New Delhi: While Indian stock market provided second highest returns after China to investors in 2007, among emerging Asian markets, investment returns on stocks in year 2008 are not expected to remain as “fancy” as in the past, according to an Assocham Eco Pulse Study on ‘Performance of emerging markets’.
Although the boom period is expected to continue in the EMEs, the causes attributed to returns for not remaining as attractive are the expected slowdown in US economy, shrinking growth in corporate earnings and high base effect that would hold back the stock market momentum in these economies.
China gave a maximum return of 78.5% to investors in the market followed by India where market rose by 49.3% in 2007. The analysis was based on rise in indices of leading stock exchanges of EMEs including Shanghai Composite Index, S&P CNX Nifty and Hang Seng Index.
US economy grew at 2.8% in Q3-07 but it is anticipated that growth rate may decline to 1.9% as there are signs of weak consumer spending, diminished business investment, continued tight financial conditions. The index of US manufacturing activity dropped to 47.7 in December, a five year low, down from 50.8 in November. Job creation in US also dropped to 40,000 in December, after 173,000 in November.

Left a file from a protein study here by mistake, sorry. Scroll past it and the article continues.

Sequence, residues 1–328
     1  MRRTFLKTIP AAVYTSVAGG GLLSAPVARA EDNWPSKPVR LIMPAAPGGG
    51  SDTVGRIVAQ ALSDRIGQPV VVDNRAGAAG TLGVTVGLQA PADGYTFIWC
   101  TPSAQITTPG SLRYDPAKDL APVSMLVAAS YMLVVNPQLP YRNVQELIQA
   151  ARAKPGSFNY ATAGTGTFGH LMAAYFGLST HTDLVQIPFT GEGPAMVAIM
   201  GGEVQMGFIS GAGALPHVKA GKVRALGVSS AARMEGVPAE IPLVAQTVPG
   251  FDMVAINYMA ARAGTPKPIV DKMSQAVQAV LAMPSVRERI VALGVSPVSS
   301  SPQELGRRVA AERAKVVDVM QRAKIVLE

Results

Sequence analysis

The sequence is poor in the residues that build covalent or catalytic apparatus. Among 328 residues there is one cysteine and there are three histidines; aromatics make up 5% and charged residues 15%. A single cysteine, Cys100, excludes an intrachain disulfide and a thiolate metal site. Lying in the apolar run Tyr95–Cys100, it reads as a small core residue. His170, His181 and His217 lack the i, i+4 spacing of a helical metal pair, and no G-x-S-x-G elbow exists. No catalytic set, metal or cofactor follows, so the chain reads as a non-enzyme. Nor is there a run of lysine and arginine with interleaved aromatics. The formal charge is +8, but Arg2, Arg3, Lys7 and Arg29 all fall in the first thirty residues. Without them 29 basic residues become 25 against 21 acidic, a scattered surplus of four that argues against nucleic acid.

Indian economy will have to face challenges of rupee appreciation, high interest rates and slow down in the manufacturing sector. In the previous year as the Indian economy also witnessed a declining growth rate of 4.5% in core infrastructure sectors like crude petroleum, petroleum refinery products, cement, coal and steel in October ‘07.
Exports would find it difficult to improve the performance in the year 2008. The growth in Rupee terms for the period April-October 2007 was mere 7%. The IT sector is finding difficult to shove off the rising rupee affect as growth in top line of four major IT companies in India, slowed down to 27% in first two months of this fiscal as compared to 45% last year.
The inflow of FIIs in the calendar year 2007 in China was around $61.67 billion and Indian market received $16 billion, which fuelled their stock markets to set new records. The prime reason for high returns in EMEs was massive shuffling of funds by FIIs from developed markets to EMEs particularly to India and China - the two fastest growing economies in the world.
The Hang Seng index of the Hong Kong Stock Exchange gave third highest return at 38.75% to its investors, on the back of the GDP growth at 6.2%. The growth was propelled with the rising labour income, better job prospects with private consumption expenditure registering a growth of 6.6%, 11.3% rise in exports and buoyant financial market
Driven by strong domestic demand, Malaysia’s GDP growth inched up to 6.7%; the engine of growth has been private consumption and government spending. In the calendar year 2007 Kuala Lumpur Composite Index measured by the 100 stocks provided return of 20.03% to its investors.
The minimum return was given by Singapore, where the Strait Times Index provided 13.73% return to its investors despite a healthy GDP growth rate of 8.6% propelled by growth in manufacturing sector grew by 7.3% while services sector registered a growth of 6%.